Carbon Nanotubes (CNTs) as Electron Emitters for Plasmas Operating in Subatmospheric pressure under DC and Pulsed Fields
Type of Degreedissertation
MetadataShow full item record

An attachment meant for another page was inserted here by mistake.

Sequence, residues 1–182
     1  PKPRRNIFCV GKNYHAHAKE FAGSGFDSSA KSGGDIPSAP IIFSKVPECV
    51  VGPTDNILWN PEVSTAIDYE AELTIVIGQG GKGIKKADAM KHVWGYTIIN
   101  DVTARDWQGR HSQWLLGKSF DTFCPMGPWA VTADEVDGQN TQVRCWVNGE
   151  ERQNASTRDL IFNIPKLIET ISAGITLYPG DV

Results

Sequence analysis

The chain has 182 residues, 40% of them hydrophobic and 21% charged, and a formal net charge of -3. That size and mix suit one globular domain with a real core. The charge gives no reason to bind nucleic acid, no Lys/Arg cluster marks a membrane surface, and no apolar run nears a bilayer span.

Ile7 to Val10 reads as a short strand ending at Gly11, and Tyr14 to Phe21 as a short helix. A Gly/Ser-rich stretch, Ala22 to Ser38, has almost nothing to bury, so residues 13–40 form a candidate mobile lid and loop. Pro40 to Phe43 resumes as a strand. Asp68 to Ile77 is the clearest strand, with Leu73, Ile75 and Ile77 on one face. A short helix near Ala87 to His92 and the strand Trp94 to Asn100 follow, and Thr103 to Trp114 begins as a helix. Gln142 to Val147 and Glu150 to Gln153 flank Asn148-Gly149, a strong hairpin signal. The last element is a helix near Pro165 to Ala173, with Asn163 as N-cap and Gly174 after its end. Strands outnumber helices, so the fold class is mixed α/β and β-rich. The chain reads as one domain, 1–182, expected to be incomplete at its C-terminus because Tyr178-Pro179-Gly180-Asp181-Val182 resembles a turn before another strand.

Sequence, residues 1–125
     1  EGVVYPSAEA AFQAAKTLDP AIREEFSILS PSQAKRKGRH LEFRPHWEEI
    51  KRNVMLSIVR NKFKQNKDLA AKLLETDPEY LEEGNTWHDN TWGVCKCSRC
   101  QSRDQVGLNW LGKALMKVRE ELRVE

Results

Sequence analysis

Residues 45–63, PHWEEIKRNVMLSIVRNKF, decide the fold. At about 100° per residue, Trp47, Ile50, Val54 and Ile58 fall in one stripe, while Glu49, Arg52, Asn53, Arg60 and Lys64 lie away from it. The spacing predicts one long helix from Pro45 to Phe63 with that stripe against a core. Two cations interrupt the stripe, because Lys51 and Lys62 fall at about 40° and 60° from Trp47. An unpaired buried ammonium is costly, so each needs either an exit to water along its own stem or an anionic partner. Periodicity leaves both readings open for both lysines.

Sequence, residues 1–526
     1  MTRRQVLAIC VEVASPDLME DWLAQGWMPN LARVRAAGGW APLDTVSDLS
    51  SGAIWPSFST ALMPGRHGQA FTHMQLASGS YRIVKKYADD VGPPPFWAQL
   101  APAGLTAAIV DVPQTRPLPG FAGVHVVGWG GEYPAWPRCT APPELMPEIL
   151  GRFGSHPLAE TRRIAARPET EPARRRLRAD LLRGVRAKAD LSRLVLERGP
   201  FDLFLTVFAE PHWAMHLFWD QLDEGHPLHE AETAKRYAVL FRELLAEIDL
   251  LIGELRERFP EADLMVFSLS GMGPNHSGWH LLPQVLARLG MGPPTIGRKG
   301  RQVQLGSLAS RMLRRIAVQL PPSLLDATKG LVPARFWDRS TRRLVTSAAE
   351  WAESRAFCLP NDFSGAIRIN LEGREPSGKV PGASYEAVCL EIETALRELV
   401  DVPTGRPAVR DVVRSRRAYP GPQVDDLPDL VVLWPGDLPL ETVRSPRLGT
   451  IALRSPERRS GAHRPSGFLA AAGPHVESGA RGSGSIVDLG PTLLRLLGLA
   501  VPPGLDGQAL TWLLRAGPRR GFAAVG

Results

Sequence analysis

Subatmospheric pressure is defined as the pressure from several milliTorr to several hundred Torr. The plasmas operated in subatmospheric pressure have the advantages of easier construction and stable operation. The efficiency of the emitter electrons is critical in the performance of the plasma devices. After accelerated in the electric field between the cathode and the anode, the seed electrons play a significant role in the ionization processes. In this dissertation, two specific types of plasma devices are operated at subatmospheric pressure. The first is a in-house built microplasma device with different cathode geometry. The second is a pseudospark switch based on plasma ignition. Microplasma devices have caught many research interests with the advantages of smaller size, lower power and gas consumption and operation from subatmospheric to atmospheric pressure compared to the traditional plasma devices. In this work, the hollow cathode geometry is adopted in the microplasma devices' design. Different cathode materials, including carbon nanotubes (CNTs) as emitters, are used in the devices. CNTs are known for their excellent field emission characteristics, which makes them a good candidate as the source of seed electrons in the design. The second device is a pseudospark plasma switch. Pseudospark switches have been applied in pulse power application as the fast closing switches, with hold-off voltage as high as 10 kV. The cathode geometry is hollow, so hollow cathode discharge is formed to increase the charge carrier density. Pseudospark switches need a trigger element where the seed electrons are employed to initiate ionization. In our work, CNTs are used as trigger that supplies the seed electrons. CNTs used as the electron emitter material are fabricated by chemical vapor deposition (CVD) method. The CNTs are synthesized under different growth conditions, including sputtering time, sputtering pressure, type of catalysts, growth time, and growth temperature. The plasma devices are assembled and tested under subatmospheric pressure in-house in the vacuum chamber. The test experiments are carried out in different background gas, and different operating pressures. Voltage-current characteristics are recorded to study the properties of the plasma. The mathematical simulation are discussed later to study the properties of the plasma in detail.